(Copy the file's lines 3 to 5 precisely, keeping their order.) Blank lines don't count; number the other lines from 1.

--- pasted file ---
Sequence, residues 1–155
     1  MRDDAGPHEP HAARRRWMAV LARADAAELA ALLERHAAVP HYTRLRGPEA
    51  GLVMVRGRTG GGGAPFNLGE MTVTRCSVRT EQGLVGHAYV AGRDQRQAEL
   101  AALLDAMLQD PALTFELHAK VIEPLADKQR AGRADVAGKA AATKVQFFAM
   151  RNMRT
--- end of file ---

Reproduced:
    51  GLVMVRGRTG GGGAPFNLGE MTVTRCSVRT EQGLVGHAYV AGRDQRQAEL
   101  AALLDAMLQD PALTFELHAK VIEPLADKQR AGRADVAGKA AATKVQFFAM
   151  RNMRT